Four E-8Cs have been grounded by the Air Force after a number of problems have occurred. All the aircraft that have had problems, including these four
have recently gone through the Depot for checks. The groundings occurred after officials noticed an increase in incidents, most of which were
relatively minor (Class C or D), but one Class A, which is significant.
This isn't the first time the JSTARS fleet has had Depot problems. In 2009, 93-0597 suffered $25M in damage after the Depot left plugs in a fuel
tank. When they refueled after takeoff on a mission in the Middle East the wing ruptured. The current aircraft are being inspected at the unit level
for any safety of flight issues after work was completed.
So you're talking about 40+ year old airframes on high demand aircraft. I know these were depot related problems this time but I guess when you have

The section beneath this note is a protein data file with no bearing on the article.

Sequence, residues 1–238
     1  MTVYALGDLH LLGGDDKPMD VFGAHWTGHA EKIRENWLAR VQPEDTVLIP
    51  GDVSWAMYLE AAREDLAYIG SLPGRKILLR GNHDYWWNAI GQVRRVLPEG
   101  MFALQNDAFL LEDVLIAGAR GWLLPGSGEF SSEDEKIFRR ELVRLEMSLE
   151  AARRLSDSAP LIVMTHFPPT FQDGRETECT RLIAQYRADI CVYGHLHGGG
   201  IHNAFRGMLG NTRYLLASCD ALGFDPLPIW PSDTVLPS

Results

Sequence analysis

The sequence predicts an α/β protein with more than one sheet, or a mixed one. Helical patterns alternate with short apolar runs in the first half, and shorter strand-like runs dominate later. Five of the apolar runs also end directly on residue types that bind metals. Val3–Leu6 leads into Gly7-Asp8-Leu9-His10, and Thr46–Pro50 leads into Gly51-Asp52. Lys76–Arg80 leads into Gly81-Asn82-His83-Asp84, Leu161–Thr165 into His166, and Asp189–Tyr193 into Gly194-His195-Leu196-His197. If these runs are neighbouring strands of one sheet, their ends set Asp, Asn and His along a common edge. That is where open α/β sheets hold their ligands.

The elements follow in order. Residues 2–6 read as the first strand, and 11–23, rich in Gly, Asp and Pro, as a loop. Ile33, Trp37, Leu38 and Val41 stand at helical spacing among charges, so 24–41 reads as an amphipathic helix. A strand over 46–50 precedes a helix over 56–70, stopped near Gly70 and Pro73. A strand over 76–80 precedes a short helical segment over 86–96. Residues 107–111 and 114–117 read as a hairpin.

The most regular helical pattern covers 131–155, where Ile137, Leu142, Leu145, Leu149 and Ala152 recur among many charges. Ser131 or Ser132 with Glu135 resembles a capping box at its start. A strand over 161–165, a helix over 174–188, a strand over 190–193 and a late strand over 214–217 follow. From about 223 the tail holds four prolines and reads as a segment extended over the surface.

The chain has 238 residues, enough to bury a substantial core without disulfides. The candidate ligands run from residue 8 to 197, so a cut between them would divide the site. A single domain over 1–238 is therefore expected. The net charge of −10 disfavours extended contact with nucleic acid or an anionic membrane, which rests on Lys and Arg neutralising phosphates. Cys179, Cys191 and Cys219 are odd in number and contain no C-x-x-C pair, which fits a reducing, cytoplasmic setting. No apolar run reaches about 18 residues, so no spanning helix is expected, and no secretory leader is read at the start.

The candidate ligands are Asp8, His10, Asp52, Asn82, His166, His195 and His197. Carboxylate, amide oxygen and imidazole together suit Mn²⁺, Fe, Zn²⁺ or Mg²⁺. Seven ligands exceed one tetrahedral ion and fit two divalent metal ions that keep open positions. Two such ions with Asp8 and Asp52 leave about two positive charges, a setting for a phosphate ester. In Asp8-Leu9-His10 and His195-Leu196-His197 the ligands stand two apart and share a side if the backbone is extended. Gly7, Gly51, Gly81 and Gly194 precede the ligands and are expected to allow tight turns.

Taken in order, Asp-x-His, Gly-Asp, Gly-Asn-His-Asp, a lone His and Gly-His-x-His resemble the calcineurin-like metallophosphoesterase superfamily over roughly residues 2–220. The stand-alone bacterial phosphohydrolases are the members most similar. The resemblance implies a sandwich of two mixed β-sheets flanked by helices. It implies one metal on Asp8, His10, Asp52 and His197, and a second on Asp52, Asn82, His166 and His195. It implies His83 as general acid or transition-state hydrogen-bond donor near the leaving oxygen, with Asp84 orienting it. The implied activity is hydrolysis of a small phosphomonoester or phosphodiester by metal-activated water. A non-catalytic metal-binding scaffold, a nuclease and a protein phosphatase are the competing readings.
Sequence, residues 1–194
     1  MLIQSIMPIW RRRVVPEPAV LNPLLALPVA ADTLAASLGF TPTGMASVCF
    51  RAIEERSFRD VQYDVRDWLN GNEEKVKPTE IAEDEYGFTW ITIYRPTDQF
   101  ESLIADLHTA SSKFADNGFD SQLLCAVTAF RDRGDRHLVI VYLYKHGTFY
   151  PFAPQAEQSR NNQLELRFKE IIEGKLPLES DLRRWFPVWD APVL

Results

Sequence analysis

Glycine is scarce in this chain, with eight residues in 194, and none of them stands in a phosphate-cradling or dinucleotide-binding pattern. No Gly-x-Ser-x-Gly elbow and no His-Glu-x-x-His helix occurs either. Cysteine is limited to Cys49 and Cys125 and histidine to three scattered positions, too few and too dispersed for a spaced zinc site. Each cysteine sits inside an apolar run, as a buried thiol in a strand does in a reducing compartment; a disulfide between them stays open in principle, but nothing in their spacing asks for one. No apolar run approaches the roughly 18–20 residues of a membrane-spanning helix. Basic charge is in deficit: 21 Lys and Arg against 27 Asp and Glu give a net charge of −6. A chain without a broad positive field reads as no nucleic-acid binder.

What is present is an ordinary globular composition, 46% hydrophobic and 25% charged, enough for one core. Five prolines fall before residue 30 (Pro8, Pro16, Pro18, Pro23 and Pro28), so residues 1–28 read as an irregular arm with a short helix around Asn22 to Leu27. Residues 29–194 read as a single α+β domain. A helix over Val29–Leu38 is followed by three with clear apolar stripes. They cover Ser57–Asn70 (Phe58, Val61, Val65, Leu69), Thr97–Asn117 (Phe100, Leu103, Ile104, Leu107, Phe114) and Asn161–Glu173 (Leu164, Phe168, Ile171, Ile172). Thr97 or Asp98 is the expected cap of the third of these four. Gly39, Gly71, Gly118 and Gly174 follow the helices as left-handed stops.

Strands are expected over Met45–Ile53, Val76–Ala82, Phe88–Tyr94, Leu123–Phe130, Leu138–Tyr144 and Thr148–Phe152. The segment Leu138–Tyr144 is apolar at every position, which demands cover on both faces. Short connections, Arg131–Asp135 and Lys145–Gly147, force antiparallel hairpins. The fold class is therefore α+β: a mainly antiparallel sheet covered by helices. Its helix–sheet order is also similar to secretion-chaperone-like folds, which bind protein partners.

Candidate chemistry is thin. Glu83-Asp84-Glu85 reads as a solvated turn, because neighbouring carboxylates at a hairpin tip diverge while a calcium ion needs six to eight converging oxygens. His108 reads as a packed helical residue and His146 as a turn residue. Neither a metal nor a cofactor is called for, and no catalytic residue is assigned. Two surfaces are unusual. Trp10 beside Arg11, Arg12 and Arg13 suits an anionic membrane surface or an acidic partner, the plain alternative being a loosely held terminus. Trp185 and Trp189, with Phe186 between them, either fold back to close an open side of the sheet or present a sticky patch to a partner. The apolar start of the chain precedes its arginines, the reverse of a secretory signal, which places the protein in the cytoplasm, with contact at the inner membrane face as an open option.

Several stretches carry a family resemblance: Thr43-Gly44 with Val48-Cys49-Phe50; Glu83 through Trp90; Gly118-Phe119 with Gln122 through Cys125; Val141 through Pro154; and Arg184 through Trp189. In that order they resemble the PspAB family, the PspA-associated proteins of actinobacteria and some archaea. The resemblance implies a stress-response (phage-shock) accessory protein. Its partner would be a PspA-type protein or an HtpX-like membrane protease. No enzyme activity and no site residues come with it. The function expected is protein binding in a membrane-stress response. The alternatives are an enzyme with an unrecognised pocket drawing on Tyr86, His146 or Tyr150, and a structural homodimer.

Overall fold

an aircraft that's got to be as maintenance intensive as this there's going to be problems.
In retrospect, it's kind of shocking to me that they chose to use clapped-out old 707 airframes in the first place. Even DC-10 airframes brought up
to KC-10 specs would have had fewer hours and more life left in them.
I'm kind of surprised that the E-8 was stuck with 707's for cost reasons, given the political climate the birthed the J-STARS program (and the kind of
budgets that were given to all the cool stuff from 1986-1994 that we STILL haven't seen). Then again, the "Reagan's secret toy fund" might be exactly
why the white E-8 program had to get by on so little dough.
The aircraft have been returned to service. All the problems found could be fixed on station. This was brought about based on a trend noticed after
aircraft came back, as well as an aircraft that suffered major damage to the radar, after condensation built up. The plugs to allow the water to drain
were left in and the water damaged the assembly.
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